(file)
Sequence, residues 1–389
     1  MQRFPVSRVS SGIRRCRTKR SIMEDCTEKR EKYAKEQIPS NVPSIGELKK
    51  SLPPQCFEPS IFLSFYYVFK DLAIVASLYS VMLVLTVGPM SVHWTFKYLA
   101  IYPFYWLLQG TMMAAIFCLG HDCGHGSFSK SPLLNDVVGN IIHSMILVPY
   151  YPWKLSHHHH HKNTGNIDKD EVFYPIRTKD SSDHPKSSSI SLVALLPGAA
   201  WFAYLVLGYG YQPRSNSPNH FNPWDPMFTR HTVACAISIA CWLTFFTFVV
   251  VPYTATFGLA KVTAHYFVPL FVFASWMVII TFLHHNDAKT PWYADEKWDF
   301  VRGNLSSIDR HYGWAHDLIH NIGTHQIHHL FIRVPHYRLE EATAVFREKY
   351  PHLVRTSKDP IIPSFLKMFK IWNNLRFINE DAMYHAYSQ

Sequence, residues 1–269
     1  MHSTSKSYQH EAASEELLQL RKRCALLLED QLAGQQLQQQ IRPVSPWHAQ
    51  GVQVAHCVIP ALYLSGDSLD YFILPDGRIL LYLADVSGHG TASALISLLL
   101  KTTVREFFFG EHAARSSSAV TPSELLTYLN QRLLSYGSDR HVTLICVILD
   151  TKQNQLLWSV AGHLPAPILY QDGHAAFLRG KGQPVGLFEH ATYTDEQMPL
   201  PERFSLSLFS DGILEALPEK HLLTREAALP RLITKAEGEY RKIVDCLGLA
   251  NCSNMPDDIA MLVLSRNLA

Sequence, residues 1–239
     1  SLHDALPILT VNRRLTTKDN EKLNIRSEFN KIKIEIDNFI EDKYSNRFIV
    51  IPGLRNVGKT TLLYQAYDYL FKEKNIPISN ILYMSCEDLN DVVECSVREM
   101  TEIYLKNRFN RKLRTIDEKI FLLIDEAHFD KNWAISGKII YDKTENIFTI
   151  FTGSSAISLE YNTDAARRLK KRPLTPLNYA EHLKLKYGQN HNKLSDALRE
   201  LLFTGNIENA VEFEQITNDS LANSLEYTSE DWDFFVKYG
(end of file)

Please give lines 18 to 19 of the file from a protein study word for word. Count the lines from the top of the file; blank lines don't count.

     1  SLHDALPILT VNRRLTTKDN EKLNIRSEFN KIKIEIDNFI EDKYSNRFIV
    51  IPGLRNVGKT TLLYQAYDYL FKEKNIPISN ILYMSCEDLN DVVECSVREM